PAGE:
Wednesday, 23 December 2015
Black House, reviewed by Robert Spalding
Originally I read this back in May, just before I moved house and life got too awkward for me to be able to sit and write the review; by the time I was finally organised enough to write, the book was no longer fresh in my mind. So I decided I had to re-read it, how hard could it be? I'd loved the book just a few months earlier.
"Black House" is a sequel to "The Talisman", and when I read it for the first time I didn't know that. I decided that I would try to re-experience it the same way, by not reading "Talisman" again before I reviewed it.
I did not expect that I would be reading the same book twice to bring you my thoughts.
Part of the reason this has taken so long is that "Black House" opens with almost one hundred pages of omniscient narration that introduces us to the major players in the story to come, but delivers very little in terms of plot momentum.
Back in May I was in love with this, the tiny vignettes of people I had forgotten and a great way to get a feel for the world. These last two months, that opening has been the brick wall between me and the story. I remember everyone this time, fun as it is to be reintroduced to Henry Leyden, the sheer slowness of the scene setting actively turned me away from the book.
As I got to the end of the book quite some time later, I found myself drawing parallels between the opening of the novel and the titular Black House. It had felt like it was pushing me away, making my eyes slide across the words, making me work extra hard to get past the barrier to what I wanted to get at. Its a strange thing to think of a novel channelling the power of its dark heart to keep you from the story it contains, but that's where my thoughts turned to.
Finding the opening a slog, I would try every so often, just a little nibble at a time, making my slow progress forward. I was absolutely regretting needing to reread it and the size of it didn't help. This is not a slim book, while smaller than much of King's later output there's a hefty investment required. I tried to skim read, just let it be a refresher, but even though the slowness was off-putting, the writing was still strong enough to make me force every word into my head.
Then, suddenly, I was past the introduction and as the story gathered pace again, I found myself drawn in again, quite happily to this world.
For me, every time, it is the character of Henry Leyden that brings the greatest joy. I can't say he is a unique character, but he just works, I can see him and hear him, all of his hims. Which, as he is a blind man with several voices, warms my heart. Because this is a novel of characters first and plot second. Without all of the time spent deepening the characters, this could have been half the size and would have been nowhere near as enveloping. While Jack Sawyer is a fine man to spend time with, he has never held my attention as much as those characters that swirl around him, Beezer, Doc, Mouse, Judy, Sophie, Wendell, Dale, the 'Mad Hungarian'. They are all given time to breathe. Even characters long dead get plenty of page time to make themselves feel real.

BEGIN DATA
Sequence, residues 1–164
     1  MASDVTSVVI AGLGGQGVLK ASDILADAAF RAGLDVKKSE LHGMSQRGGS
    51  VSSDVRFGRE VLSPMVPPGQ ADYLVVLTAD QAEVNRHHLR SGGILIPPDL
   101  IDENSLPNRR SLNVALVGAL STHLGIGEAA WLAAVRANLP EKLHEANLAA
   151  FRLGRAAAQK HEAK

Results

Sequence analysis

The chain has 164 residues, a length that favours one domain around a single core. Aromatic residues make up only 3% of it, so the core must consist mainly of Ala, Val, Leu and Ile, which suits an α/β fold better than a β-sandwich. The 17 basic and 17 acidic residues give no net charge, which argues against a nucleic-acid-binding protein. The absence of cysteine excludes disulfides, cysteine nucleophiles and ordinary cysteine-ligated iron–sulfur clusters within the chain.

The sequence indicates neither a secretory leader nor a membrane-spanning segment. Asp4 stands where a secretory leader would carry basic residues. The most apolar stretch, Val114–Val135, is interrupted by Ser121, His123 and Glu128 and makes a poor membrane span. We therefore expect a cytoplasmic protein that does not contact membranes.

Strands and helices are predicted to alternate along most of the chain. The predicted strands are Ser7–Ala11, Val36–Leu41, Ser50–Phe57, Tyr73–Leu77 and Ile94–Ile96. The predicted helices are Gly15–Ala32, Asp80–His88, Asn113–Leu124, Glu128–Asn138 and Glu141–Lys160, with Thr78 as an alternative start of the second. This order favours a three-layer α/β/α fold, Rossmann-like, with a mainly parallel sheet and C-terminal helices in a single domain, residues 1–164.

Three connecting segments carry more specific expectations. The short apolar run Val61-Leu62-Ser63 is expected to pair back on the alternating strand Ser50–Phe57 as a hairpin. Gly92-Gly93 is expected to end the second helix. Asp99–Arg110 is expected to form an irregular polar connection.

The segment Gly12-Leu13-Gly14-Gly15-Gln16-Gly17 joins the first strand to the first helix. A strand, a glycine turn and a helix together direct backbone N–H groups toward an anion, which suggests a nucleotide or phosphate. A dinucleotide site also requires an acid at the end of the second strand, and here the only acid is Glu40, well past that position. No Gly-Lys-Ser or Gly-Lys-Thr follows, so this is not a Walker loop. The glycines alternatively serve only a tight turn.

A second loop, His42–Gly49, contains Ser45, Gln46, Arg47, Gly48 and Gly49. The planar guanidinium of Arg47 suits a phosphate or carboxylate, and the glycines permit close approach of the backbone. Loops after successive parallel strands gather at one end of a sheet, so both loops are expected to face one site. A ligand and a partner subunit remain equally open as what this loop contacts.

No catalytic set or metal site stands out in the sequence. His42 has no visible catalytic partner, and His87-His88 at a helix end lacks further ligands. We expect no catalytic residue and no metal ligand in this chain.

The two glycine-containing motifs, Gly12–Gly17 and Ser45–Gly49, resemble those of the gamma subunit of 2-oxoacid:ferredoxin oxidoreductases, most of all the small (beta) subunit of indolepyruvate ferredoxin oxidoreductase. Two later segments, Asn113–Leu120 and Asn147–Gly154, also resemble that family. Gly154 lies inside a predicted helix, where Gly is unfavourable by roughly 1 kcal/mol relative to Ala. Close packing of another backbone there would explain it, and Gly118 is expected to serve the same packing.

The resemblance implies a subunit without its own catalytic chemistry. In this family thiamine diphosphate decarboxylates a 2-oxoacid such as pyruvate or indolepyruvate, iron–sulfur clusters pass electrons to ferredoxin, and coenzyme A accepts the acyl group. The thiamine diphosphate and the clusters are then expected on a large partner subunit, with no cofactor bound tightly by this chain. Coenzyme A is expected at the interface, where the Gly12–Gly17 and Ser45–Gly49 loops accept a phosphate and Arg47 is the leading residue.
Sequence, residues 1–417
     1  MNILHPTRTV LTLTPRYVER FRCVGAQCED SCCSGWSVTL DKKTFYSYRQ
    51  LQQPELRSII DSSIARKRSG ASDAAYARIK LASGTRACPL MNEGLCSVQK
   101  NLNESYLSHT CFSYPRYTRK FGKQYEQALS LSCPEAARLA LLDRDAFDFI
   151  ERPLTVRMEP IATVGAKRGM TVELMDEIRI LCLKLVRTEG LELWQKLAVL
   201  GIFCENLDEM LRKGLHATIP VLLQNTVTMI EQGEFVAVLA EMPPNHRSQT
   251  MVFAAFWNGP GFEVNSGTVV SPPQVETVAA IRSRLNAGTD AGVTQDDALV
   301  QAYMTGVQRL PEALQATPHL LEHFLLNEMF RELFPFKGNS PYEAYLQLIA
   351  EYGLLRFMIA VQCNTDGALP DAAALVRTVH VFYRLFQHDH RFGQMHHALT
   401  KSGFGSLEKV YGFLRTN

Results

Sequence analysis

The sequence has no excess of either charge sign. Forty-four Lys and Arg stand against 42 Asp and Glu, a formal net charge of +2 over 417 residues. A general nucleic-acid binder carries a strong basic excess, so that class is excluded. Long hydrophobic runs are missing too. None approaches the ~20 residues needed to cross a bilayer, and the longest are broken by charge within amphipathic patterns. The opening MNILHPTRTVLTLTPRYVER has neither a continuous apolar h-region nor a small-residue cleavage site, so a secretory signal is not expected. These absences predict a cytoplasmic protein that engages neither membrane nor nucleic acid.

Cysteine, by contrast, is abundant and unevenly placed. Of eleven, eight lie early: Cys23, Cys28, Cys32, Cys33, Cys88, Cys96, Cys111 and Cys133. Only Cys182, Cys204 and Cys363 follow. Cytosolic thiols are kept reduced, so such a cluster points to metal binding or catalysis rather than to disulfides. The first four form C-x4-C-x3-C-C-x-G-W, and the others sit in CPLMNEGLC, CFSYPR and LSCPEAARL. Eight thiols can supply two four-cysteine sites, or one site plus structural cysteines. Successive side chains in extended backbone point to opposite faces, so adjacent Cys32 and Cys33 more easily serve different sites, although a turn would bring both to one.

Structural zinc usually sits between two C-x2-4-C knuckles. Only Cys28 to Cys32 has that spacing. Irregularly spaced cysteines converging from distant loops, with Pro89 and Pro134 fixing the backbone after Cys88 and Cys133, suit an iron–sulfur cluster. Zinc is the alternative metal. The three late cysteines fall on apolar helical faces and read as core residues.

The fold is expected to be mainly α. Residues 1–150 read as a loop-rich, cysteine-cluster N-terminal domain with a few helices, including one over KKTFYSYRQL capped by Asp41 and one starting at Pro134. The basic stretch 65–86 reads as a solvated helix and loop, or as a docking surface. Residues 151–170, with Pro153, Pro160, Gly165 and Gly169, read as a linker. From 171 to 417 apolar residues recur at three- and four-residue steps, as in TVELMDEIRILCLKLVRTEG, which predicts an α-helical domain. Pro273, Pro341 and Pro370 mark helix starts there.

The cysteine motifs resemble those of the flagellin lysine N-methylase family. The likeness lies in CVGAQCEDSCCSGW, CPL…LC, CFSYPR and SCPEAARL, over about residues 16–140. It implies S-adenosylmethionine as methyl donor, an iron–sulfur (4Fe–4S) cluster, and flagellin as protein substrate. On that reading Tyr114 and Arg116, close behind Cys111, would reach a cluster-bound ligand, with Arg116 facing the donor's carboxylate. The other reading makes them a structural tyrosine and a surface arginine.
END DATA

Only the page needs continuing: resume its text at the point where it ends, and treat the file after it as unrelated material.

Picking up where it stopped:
It was only on this second reading that all this became clear to me. If I had written this review earlier this year I would talk about the sense of dread in the town, the sadness I felt at two deaths which I have remembered ever since my very first reading a decade ago. But I wouldn't have been so consumed by the characters as I am now.
This is why I think it took me so long to get through the opening. All I had remembered about the book was the plot, but the opening sets out its stall quite clearly. This book is not about the plot. When I didn't start with the book I thought I remembered, my brain let it slide away, some slippage seeping out of French Landing and into my world. Once they became alive in my mind, once they started to act, that's when Black House had me firmly in its grip.
So then, what's this book about? It seems a very simple set up, in a small town in Wisconsin, children are being murdered. The local sheriff is out of his depth, the town is terrified. The sheriff wants a friend of his, a star LA detective who has retired in the town, to assist with the case. It sounds like a standard small town thriller, doesn't it? But it isn't. The killer is revealed very early on and the reasons behind his spree and neither standard nor natural.
The investigation of the crimes mostly takes a backseat to developing the characters. However, it also takes a place behind the real story of the murders which cannot be contained to a simple murder investigation. Tying in, as it does, with the worlds of King's Dark Tower, there are powers at work in this town and on Jack “Hollywood” Sawyer that take us out of the common serial killer and into the fate of worlds.
This mixture just works, the everyday is our way in, but the extraordinary is seeded early on and then built upon. This isn't a book that changes gear halfway through and makes you realise it was a different kind of story all along. Instead it draws you in, using the term “slippage” to get you in the mood for what's coming. While the story doesn't exactly end with a twist, its resolution isn't one you are likely to guess at early on.
Now that the house is gone and the story is done, where do I want to go? I will certainly be reading "The Talisman" next, its sat right next to me as I type. After that, I think I will follow the threads dropped into the book in its final charge to The Big Combination and revisit Roland and "The Dark Tower".
Robert Spalding is an occasional writer and full time pack leader of five small dogs whose work has been published in Terror Tales of the Seaside and Sharkpunk. His dogs can usually be found asleep or charging about the garden. He sometimes blogs at robspalding.wordpress.com and tweets a bit at @robspalding